That approach, in addition to a pair of special teams plays, is how North Carolina found itself on Louisville's 23-yard line with 4:15 to play, trailing by only five points.
UNC ran 30 plays for 243 yards in the second half, averaging a play every 20.7 seconds and 8.1 yards per play.
That tempo, of course, is slower than what Fedora and offensive coordinator Blake Anderson would prefer, which negates the need for a traditional two-minute drill in practice.
"It's the same thing," quarterback Bryn Renner said on Monday. "It's the two-minute drill every series we have."
The Tar Heels practice their two-minute drill every Tuesday and Wednesday, but while increased speed is the primary emphasis for most other programs in the country, UNC's focus is geared more to situational aspects, such as converting third and fourth-down scenarios.
"We should be able to do two-minute better than anybody in the country because that's basically what are offense is," offensive guard Jonathan Cooper said. "We have gotten accustomed to it, now we just have to become accustomed to the pressure surrounding the two-minute drill."
Eleven of North Carolina's 19 scoring drives this season have taken 1:55 or less off the clock. Four have occurred in less than a minute, while only two have carved out more than 3:30.
"We're kind of in a two-minute mode all of the time if you think about it, so really when we get in to that area, it's not a big deal to us," Fedora said. "Our kids don't look at it any different, because it's just what we do and so there's a comfort level.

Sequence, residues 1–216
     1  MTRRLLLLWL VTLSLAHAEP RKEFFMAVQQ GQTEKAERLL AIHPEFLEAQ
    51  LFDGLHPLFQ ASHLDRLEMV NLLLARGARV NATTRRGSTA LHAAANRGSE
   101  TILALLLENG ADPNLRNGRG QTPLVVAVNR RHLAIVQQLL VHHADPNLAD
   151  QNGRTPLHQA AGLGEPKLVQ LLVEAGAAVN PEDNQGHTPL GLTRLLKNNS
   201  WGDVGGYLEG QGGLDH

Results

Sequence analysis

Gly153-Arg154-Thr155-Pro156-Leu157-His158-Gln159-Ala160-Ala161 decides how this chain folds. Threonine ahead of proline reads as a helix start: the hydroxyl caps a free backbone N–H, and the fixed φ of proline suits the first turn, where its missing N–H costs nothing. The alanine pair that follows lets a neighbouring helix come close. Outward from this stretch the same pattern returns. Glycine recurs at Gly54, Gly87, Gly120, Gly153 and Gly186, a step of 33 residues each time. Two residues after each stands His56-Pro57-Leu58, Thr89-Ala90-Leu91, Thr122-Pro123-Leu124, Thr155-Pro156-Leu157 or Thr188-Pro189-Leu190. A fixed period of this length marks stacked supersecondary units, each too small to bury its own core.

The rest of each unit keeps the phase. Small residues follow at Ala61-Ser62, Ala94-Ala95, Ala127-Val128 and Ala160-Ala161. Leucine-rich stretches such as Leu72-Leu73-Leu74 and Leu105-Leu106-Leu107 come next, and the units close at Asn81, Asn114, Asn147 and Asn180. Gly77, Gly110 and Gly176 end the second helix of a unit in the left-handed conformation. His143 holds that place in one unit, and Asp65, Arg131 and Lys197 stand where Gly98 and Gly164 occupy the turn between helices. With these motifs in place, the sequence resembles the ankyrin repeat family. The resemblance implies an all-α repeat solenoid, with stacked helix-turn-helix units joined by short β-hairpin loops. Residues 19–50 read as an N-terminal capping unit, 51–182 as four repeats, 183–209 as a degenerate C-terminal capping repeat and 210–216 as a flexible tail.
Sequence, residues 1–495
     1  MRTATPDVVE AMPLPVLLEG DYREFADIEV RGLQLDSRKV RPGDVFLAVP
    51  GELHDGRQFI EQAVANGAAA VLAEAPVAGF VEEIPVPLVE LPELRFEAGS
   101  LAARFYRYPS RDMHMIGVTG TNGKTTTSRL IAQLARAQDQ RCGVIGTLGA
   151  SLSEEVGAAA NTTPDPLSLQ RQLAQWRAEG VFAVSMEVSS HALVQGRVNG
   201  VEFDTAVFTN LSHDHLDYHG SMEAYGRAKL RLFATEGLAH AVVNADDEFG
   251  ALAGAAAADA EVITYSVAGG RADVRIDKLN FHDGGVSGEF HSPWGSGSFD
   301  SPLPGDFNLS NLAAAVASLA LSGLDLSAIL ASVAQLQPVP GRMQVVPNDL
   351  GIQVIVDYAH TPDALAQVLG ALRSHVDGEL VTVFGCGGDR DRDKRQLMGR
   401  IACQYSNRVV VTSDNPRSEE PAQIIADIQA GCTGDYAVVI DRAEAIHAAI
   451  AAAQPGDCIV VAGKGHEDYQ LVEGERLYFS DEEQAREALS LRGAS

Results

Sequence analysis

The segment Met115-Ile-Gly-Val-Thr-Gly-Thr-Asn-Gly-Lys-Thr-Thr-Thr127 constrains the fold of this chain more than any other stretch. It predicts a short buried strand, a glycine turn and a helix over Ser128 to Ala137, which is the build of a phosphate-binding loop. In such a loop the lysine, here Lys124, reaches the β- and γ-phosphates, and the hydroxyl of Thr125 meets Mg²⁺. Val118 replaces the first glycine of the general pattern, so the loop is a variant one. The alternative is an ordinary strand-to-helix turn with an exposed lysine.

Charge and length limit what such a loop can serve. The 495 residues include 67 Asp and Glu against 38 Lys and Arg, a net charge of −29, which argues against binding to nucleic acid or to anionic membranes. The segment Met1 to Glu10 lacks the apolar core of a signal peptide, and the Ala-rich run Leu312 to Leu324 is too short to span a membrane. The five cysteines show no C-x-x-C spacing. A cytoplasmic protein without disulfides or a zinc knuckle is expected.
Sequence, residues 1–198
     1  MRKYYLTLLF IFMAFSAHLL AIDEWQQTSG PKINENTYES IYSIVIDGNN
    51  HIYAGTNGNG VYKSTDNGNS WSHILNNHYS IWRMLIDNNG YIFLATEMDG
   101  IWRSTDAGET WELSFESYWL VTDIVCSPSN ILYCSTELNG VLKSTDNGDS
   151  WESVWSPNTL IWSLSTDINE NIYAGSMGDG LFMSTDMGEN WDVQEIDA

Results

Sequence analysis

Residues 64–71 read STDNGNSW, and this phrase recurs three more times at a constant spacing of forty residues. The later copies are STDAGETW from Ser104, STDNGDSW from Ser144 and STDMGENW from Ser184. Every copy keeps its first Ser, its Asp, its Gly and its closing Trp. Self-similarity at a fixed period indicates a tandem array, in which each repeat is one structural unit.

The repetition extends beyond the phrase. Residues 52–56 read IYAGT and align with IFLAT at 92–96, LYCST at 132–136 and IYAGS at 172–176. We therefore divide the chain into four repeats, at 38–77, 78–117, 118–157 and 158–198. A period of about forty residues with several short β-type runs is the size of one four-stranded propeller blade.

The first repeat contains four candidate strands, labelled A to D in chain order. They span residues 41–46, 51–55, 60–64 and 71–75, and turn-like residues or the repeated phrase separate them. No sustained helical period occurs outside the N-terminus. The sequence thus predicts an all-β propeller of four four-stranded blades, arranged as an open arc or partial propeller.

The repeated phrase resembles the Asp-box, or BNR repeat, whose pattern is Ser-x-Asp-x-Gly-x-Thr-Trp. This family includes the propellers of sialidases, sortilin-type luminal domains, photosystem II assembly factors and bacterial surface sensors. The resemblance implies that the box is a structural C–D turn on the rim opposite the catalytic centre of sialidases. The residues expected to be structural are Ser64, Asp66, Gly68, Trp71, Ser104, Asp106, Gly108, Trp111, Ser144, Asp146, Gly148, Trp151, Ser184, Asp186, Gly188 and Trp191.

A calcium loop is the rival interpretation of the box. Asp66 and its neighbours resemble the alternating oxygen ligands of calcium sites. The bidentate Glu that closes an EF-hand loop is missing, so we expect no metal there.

"That's a good thing, because you can watch some teams who get in to a two-minute situation and it's almost like panic, but with our guys you don't notice anything different. It's just the same as it is all the time. I don't think there's a panic level. I think everybody understands what we're trying to do."
When the offense is clicking, as it did in the second half against Louisville, the potential for an avalanche of points is alluring. There are glaring problems, however, when an offense built to score, not manage the clock, fails to do either.
In the first half on Saturday, North Carolina's first five drives yielded an interception, a lost fumble and three punts and soaked up just 8:48 off the clock. The Cardinals led 29-0 by that point.
A similar problem worked against the Tar Heels when they had a late lead against Wake Forest on Sept. 8. Holding a 27-21 lead with 10:44 remaining, Renner threw three consecutive incomplete passes from his own 20-yard line before UNC had to punt the ball away. That drive burned just 66 seconds.
On UNC's next possession – this one starting with 8:32 to play – A.J. Blue ran twice for a first down before a run for no gain and two pass plays failed to yield a first down. That drive took just 1:56 off the clock.
Wake Forest started its game-winning drive with 6:36 to play and soaked up 4:27, leaving UNC with 2:09 to make its comeback.
"We're not going to eat six and a half minutes off the clock," Fedora said in the days following the Wake Forest loss. "I don't anticipate us doing that so I wouldn't have thought let's run the ball every play here and see if we can get off the field and win the game this way. I wouldn't have thought that way."
It's not that the North Carolina coaching staff is adverse to running the clock; it's just a strategy that's as strange to them as the two-minute drill is for a typical huddle offense.
"We're not blind to the fact that we need to milk clock and we will when the opportunity presents itself," Anderson said. "If you get way away from what your personality is, you're not going to operate very well."
As with all offenses, there are pluses and minuses to the no-huddle spread concept that Fedora has installed in Chapel Hill. Through three weeks of the 2012 season, North Carolina ranks 19th nationally in scoring offense (41.0) and 113th in time of possession (24:51).
Fedora's made it clear that there is one thing that he wants to change and change quickly – his offense needs to increase its tempo dramatically. Brakes need not apply, for better or worse.